Delaware museum group loses taxpayer funding over Confederate monument

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A Confederate monument has cost the Georgetown Historical Society its taxpayer-funded grant. (WHYY, file)

A Confederate monument has cost the Georgetown Historical Society its taxpayer-funded grant. (WHYY, file)

A controversial monument to Confederate soldiers in Delaware has cost a group in Sussex County a coveted state grant, two years after critics called on the state to cut off the funding.

The Georgetown Historical Society is one of dozens of Delaware nonprofits that receive money from the state Legislature from a funding source known as Grant-in-Aid.

A white stone monument installed on the grounds of a museum the society runs in the Sussex County town features the Confederate flag. In 2017, amid a national discussion of Confederate monuments, the NAACP called on the state to stop sending state dollars to the society.

But state Sen. Trey Paradee, who represents the Dover area well north of Georgetown, killed the society’s taxpayer funding this summer, saying the government should not support a monument that flies what he calls a symbol of hate.

It was Paradee’s first legislative season as a member of the Joint Finance Committee that oversees the state budget. One of Paradee’s assignments was to review applications for arts and cultural groups and recommend whether to grant their requests.

The society got $14,443 last fiscal year and wanted $30,000 this year. Instead, Paradee zeroed them out of the budget.

“I just thought it would be a betrayal to my friends, particularly my friends who are the descendants of African slaves,’’ said Paradee, who is white.

“And that flag quite frankly is viewed by many people, including myself, as a sign of hatred and it just perpetuates racial animosity in our society. Whenever you see any white supremacists or the KKK protesting on television, what flag are they carrying? They are carrying that flag alongside the Nazi swastika.”

No lawmakers objected to Paradee’s decision, or even brought it up during a public hearing on June 30, hours before the funding legislation was approved by both the Senate and the House. It was passed in the closing hours of the Legislature’s session.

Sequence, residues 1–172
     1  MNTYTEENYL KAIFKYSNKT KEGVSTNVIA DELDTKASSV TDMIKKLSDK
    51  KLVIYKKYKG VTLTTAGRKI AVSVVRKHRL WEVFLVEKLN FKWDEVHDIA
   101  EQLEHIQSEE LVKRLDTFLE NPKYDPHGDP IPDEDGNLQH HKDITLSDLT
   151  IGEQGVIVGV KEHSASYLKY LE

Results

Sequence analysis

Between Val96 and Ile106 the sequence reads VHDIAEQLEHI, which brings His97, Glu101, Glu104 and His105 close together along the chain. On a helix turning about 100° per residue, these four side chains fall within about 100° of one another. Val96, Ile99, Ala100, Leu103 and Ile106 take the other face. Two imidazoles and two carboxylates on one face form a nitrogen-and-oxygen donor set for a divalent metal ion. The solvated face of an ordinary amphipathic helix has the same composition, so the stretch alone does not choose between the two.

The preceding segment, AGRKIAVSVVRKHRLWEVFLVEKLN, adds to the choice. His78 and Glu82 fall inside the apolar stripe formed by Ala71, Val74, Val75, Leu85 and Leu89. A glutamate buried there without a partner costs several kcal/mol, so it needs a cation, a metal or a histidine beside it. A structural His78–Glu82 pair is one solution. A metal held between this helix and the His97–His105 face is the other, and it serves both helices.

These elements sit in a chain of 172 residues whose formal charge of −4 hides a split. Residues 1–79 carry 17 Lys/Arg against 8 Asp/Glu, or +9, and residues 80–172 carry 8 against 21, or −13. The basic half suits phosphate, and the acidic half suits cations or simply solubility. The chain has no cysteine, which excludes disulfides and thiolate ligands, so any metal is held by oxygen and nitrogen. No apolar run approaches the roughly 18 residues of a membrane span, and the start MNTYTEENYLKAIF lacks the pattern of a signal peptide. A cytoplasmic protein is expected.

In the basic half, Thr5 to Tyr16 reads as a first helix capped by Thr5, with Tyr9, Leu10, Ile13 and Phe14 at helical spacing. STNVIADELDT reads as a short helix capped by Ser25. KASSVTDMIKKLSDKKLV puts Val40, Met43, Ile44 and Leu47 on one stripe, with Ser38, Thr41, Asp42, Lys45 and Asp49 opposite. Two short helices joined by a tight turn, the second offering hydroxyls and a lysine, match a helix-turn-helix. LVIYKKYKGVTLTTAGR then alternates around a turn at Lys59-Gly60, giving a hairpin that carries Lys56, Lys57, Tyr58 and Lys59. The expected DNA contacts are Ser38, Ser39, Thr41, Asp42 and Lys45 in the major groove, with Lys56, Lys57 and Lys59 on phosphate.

“I just thought it was inappropriate for the state to continue to provide funding for that property as long as that property continues to have that monument and that flag,’’ Paradee said.

But the Delaware Grays are crying foul. They are the group that commissioned the monument in 2007 to honor the Confederate soldiers known for their gray uniforms.

“It’s arm-twisting to get the museum to see to his way of thinking,’’ said Jeff Plummer, the commander of the Delaware Grays, of Paradee.

“We are going to keep everything as it is, but it’s a shame when you put something historical in a museum and then all of a sudden you try to make things rough on the museum.”

Plummer called the denial of funding yet another step in “Southern cultural cleansing.”

A spokeswoman from the historical society did not return calls seeking comment, but told WBOC-TV the cut in funding would hurt its ability to pay bills and maintain facilities.
Plummer said he has spoken with society officials there and said they are hoping to make up the funding gap through private donations.

This disclosure, WHYY also receives money from the Grant-in-Aid program.

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